Along with our monthly recap we will also address a client question that has been top-of-mind recently. We get our ideas for these topics through our client conversations and interactions. If you have an idea for a question or subject, please reach out to us.

In our October piece on bear markets and recessions we discussed that the stock market has historically gone up over time, but the returns are rarely in a straight line as market volatility is a common occurrence. This month, we will take an in-depth look at these topics.

In 2018, the stock market has experienced two corrections (a decline of greater than -10%) and an overall increase in volatility compared to last year. 2017 was an abnormal year as the market returned +21.8% while the largest intra-year decline was only -3%. One of our main themes of 2018, was that we expected volatility to increase from historically low levels. We want to highlight that the volatility in 2018 is closer to historical averages than it was in 2017.

At Winthrop Wealth Management maintaining a long-term viewpoint is one of the core tenets of our investment philosophy. We believe that most successful investment strategies employ a long-term approach as markets can be extremely volatile in the short-term. The following data from Bloomberg and JP Morgan makes a compelling case for long-term investing.

The stock market has historically gone up over time:
Since 1980, the S&P 500 has generated a total annualized return of +11.6%. To put this return in perspective, $100 invested in 1980 would be worth over $7,000 today.1 The stock market has done incredibly well over the last 39 years, but it is important to remember that the returns were not linear. Annual returns ranged from -37.0% to +35.5%. In fact, there was only one year where the S&P returned between 11% and 12% (2016). Also keep in mind that this time period includes some of the most volatile periods in history, including the 1987 Crash, Tech Bubble, and Global Financial Crisis.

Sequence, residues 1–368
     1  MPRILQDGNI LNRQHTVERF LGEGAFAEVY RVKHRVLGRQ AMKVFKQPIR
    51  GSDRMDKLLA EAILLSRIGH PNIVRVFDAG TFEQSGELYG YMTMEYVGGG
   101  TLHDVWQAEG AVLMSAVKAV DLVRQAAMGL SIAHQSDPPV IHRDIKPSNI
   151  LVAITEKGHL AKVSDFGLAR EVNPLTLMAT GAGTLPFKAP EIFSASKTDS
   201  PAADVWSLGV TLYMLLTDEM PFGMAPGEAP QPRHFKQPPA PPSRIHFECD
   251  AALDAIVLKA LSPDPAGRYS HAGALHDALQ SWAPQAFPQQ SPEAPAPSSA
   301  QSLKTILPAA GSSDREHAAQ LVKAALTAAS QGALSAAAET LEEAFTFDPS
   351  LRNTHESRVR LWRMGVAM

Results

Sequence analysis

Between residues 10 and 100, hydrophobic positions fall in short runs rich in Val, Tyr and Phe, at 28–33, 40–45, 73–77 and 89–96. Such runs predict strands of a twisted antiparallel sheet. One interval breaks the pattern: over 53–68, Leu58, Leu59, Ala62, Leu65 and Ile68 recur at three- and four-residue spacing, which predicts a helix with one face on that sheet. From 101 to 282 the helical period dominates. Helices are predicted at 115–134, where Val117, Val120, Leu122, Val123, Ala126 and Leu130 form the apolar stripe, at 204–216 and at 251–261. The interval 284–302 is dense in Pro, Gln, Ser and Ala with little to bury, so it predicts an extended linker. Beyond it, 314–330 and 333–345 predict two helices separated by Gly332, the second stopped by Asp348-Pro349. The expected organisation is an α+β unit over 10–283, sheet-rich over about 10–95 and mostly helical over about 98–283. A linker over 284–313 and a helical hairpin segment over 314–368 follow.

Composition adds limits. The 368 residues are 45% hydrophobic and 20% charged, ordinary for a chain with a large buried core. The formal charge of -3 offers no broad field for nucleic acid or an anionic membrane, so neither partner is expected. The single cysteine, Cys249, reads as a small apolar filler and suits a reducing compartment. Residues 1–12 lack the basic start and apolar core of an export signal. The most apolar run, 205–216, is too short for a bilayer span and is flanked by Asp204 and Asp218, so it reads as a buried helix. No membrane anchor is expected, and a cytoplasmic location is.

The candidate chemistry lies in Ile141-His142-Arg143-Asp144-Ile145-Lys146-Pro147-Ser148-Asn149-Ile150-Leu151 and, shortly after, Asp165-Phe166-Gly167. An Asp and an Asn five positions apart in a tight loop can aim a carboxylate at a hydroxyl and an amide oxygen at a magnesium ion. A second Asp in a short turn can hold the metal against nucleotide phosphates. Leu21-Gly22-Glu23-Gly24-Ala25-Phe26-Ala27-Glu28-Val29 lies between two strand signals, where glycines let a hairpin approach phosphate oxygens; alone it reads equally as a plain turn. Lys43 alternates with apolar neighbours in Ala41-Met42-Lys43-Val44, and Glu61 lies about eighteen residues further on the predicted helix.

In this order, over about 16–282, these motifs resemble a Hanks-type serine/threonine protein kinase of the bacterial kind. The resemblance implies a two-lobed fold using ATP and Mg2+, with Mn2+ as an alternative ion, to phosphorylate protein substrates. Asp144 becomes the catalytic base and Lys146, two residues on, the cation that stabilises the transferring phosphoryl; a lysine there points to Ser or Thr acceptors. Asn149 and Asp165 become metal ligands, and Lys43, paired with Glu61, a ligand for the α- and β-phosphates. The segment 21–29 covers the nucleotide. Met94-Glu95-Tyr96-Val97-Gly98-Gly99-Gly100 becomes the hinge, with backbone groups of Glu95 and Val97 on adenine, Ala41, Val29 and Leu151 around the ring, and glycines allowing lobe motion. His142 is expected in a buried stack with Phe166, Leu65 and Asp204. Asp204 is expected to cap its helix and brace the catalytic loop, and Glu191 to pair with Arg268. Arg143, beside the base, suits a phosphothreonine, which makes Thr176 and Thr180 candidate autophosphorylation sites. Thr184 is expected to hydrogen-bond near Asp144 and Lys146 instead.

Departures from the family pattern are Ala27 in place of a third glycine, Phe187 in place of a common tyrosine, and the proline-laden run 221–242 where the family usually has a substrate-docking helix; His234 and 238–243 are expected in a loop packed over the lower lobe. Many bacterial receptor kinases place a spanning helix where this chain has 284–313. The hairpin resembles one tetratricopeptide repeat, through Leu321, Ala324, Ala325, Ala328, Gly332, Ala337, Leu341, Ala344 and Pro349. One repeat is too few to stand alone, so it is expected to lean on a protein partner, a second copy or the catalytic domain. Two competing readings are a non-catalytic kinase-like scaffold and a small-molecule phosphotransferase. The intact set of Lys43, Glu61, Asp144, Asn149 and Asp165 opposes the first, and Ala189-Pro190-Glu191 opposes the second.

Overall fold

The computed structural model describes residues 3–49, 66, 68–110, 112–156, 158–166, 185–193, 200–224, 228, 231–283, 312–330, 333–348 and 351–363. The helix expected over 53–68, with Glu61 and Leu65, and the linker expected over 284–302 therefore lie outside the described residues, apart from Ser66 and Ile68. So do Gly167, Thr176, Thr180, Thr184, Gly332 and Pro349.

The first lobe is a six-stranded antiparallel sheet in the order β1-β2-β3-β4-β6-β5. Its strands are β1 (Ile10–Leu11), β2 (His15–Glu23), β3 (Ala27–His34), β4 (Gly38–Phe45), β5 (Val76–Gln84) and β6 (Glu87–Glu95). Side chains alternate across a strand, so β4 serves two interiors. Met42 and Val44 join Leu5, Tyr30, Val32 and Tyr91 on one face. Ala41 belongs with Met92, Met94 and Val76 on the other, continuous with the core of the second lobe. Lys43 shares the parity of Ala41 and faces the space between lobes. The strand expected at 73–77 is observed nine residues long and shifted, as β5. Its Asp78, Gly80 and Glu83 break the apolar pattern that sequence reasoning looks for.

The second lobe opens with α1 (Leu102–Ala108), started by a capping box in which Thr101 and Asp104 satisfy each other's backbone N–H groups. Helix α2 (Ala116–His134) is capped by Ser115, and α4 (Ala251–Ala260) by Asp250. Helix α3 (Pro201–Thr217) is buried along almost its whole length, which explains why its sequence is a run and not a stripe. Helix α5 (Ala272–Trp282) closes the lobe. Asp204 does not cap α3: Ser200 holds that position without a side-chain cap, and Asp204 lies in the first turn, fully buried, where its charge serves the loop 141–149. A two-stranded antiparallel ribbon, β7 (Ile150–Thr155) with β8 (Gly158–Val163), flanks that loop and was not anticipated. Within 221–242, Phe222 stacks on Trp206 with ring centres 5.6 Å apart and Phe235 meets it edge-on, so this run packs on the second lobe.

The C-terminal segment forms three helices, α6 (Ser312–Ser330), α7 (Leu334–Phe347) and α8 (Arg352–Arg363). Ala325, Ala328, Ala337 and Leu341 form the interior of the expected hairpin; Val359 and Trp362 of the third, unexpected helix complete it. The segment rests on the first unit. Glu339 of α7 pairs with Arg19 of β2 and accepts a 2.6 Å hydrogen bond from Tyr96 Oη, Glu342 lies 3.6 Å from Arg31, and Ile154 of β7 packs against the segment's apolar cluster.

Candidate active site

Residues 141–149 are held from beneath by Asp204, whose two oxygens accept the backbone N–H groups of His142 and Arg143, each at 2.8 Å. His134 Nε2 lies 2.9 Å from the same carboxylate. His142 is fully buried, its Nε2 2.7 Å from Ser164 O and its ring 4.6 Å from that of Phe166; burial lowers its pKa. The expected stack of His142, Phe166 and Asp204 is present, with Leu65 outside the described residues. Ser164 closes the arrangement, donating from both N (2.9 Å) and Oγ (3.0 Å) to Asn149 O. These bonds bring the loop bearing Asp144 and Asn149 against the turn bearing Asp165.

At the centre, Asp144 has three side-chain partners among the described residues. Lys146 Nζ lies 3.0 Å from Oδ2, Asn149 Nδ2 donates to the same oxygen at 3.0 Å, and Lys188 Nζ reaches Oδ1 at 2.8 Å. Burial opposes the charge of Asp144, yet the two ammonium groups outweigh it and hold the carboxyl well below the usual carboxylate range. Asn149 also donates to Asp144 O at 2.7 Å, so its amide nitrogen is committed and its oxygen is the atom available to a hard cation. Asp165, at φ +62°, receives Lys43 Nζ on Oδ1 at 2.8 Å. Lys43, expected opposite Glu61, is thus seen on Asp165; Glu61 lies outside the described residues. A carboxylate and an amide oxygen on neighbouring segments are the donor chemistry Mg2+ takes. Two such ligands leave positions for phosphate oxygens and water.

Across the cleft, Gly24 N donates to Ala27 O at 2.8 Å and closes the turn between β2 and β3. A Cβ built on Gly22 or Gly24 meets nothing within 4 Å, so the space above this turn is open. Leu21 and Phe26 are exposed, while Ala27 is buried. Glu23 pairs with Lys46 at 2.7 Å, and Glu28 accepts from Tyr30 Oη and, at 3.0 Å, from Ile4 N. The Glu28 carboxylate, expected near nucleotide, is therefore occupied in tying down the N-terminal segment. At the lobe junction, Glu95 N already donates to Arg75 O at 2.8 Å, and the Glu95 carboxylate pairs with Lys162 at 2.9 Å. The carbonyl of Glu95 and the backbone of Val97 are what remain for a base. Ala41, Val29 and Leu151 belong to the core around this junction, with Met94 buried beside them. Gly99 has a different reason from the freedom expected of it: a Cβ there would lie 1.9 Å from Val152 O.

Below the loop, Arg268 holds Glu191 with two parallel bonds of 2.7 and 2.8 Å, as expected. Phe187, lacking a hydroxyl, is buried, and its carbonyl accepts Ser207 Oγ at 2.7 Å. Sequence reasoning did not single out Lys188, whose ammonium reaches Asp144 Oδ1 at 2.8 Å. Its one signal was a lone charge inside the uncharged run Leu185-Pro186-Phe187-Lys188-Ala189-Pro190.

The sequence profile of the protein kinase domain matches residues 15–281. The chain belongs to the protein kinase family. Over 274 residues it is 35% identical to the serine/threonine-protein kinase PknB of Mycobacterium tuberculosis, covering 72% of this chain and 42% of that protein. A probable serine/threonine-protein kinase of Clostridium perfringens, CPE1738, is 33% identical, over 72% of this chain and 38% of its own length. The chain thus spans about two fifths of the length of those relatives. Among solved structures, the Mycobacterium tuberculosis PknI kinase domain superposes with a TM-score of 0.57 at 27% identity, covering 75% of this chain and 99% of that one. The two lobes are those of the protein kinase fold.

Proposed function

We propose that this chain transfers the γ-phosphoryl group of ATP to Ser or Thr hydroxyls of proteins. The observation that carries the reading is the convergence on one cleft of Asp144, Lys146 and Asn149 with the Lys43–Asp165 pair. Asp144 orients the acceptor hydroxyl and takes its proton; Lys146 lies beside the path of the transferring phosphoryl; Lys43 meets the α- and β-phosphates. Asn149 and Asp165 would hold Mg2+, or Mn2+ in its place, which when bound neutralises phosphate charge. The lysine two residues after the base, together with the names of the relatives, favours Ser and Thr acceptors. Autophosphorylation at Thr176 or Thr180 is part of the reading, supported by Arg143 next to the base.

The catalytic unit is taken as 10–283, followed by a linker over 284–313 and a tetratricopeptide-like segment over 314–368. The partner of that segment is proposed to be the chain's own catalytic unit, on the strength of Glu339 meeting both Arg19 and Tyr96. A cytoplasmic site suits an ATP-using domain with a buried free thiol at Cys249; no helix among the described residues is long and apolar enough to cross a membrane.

Returns are rarely in a straight line as market volatility is a common occurrence:
Despite overall positive returns since 1980, there were plenty of declines along the way as the average intra-year price decline was -13.8%. This simply means that at some point each year the S&P 500 dropped by an average of -13.8%. The data makes sense as since 1950 the stock market has averaged at least one correction each year. This reinforces our long-term investment philosophy – since we plan for stock market volatility and we incorporate these assumptions into our financial plans, we are less likely to overreact when it happens. The following chart displays the S&P 500’s annual return vs. the largest intra-year decline since 1980.